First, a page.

“The system enables us to engage the studio with decisions, because now they’re seeing same day dailies. Imagine that we’re shooting in Atlanta and we are processing all the dailies at lunch, and again at wrap. The studio is seeing dailies at four o’clock on the west coast, right before they go home. They’re able to talk to Reggie. They’re able to talk to the other producers. They’re getting everyone dialed in. Everyone feels like they have a voice. And everyone feels like they’re absolutely included in the creative process.”
Editorial began from day one of production, providing a unique simultaneous process that allowed for production and post to interact. Editor Terel Gibson set up editorial in the same building as production. “We were able to stay very close to camera, which was great.” Gibson cut “Safety” entirely in DaVinci Resolve Studio.
In essence, the editorial process began on set, as Digital Asset Manager Michael Smollin would sync sound with camera files, add non-destructive color correction and then create an editorial timeline, all within Resolve. “Dailies were delivered from set and were ingested into the system faster than they would be with a traditional workflow. Working with RAW dailies meant no need for transcoding. We were in essence the lab.”
First Assistant Editor Rahul Das found the challenge of moving entirely to Resolve a welcome one. “I was excited to learn more about Resolve, since it was increasingly being developed as a one stop shop for editorial cutting and finishing, eliminating the need for a lab. When we started working on the project, I was immediately impressed by the different panels Resolve had designed for in depth work in color, sound and visual effects. It was initially overwhelming because in traditional editorial offline cutting we are usually just expected to do temp reference work with regards to VFX or sound design. In Resolve, even simple VFX work like green screen keying, or animating seemed to require a certain level of know how. But because the interface is very user friendly, the learning curve was fast.”
Dailies were viewable within six hours after the start of each day, and a full day of dailies were available and uploaded within sixteen hours from the start of the day. Editorial was never more than six hours behind the actual shoot, making the entire process responsive to changes and notes, even from the studio.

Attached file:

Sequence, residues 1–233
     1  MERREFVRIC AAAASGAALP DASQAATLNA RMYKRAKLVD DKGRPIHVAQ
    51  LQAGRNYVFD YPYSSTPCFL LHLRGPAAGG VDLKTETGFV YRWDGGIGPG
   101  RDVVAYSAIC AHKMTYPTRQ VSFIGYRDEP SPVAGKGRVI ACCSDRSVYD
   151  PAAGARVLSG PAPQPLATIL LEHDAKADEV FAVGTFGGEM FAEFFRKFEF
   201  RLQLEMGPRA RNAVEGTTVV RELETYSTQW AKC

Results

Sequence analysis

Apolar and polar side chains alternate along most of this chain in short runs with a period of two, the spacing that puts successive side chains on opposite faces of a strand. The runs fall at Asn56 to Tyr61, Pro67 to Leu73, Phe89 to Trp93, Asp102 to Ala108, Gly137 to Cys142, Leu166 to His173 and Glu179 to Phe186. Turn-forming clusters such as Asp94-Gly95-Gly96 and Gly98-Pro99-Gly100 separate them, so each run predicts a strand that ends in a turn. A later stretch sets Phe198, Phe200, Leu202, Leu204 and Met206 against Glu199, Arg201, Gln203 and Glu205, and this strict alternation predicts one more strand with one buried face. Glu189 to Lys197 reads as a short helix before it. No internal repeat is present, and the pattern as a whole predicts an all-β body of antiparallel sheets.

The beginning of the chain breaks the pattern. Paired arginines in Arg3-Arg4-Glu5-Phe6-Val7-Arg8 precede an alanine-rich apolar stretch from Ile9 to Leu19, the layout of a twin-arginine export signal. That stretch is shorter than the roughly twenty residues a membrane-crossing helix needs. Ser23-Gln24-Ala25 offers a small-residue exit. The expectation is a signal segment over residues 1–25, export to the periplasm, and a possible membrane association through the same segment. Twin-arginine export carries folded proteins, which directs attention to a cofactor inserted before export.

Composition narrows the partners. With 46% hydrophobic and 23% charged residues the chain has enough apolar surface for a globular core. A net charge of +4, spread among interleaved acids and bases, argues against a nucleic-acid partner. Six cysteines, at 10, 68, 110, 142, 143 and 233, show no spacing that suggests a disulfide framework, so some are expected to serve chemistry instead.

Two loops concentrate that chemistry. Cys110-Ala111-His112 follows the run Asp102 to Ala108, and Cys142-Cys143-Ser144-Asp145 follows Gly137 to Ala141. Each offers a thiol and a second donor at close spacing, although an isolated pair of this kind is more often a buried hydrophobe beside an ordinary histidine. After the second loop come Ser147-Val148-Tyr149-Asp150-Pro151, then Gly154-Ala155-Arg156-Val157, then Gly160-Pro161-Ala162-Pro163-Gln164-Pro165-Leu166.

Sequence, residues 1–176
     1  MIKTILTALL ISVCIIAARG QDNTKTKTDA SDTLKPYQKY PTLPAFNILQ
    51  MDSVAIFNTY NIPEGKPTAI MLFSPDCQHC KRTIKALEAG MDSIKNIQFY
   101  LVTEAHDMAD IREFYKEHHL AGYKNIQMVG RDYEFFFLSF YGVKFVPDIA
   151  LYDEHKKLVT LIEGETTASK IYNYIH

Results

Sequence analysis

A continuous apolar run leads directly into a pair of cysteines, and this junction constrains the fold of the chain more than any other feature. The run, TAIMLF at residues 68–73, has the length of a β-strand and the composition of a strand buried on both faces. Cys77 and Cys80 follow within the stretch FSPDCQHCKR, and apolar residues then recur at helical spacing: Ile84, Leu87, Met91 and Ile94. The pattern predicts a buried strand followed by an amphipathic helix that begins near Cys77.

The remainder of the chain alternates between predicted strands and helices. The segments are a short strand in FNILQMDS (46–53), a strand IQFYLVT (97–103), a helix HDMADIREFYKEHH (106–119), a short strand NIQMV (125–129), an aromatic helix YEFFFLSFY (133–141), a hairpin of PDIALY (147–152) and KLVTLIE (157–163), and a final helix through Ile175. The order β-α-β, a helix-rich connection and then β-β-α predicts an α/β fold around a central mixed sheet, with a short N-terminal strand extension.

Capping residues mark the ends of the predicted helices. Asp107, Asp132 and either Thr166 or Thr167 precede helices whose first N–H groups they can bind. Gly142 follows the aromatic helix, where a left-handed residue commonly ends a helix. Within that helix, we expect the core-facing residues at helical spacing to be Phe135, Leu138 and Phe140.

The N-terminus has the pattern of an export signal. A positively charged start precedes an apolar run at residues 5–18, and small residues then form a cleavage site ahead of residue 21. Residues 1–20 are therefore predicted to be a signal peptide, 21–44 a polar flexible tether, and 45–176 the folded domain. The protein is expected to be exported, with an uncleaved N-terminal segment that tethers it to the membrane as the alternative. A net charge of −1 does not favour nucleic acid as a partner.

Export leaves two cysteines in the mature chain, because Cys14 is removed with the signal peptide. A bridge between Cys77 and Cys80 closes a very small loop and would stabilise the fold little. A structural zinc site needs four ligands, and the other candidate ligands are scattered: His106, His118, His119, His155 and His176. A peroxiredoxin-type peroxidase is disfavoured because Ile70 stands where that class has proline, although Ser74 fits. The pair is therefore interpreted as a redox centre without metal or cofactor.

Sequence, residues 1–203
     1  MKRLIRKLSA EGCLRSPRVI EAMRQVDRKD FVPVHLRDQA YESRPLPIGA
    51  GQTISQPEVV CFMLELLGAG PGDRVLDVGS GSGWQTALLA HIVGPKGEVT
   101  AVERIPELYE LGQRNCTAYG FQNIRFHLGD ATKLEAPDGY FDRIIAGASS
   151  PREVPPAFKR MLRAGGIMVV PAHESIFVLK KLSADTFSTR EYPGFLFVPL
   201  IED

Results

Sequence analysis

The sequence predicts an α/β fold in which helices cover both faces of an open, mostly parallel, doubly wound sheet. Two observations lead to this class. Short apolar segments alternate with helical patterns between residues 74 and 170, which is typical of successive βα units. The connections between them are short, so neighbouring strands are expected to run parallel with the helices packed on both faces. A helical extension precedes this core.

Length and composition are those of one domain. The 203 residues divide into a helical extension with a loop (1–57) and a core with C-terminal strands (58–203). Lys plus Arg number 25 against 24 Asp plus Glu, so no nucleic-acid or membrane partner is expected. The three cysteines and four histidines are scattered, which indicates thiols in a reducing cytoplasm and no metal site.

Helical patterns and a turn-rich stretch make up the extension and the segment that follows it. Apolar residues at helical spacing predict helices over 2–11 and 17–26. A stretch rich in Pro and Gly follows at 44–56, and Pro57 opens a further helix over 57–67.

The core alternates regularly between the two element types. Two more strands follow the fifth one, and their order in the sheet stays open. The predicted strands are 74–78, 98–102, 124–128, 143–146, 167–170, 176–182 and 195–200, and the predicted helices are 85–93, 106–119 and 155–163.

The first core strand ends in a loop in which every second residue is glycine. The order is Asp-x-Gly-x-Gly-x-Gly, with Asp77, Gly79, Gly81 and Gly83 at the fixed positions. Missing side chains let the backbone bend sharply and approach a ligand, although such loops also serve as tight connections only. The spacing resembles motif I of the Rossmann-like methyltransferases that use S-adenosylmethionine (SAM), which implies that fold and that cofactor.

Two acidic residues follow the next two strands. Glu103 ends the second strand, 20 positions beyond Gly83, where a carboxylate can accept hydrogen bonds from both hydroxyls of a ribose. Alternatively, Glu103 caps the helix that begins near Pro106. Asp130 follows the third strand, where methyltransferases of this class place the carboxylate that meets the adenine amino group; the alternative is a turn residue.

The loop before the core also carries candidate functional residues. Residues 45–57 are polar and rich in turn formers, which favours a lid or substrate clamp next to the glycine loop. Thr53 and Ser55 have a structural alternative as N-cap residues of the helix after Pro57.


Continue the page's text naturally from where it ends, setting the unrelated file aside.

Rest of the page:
While onset tools have typically allowed basic color timing and adjustments on the fly, the more evolved Digital Asset Management solution provided quick and direct high-quality responses to the needs of set, and often helped solve problems right away. Similarly, with dailies available so quickly to executives back at the studio, color changes requested upon seeing footage could be applied right away on set, then sent back to the studio for approval, providing a seamless and immediate response.
With such fast turnaround, editorial was able to assemble scenes from the shoot day upon arrival to editorial, sometimes creating edits of scenes while they were still being shot. Rough cuts were often viewed by the end of the day or next morning. “I have never felt so close to the camera as I did during this project,” said Gibson.
During the finishing process, collaboration was a big success; each team member was working from the same raw data set, thus everyone was a part of finishing. When color was applied to a shot, for example, editorial was prompted to update, and could see new color changes immediately. “We knew when somebody was coloring an image, we knew when somebody was editing something, we knew when visual effects were putting in a shot, we knew when sound design was coming in with a whole new track,” said Hurlbut. “It created one communication channel where everyone could see it all live.”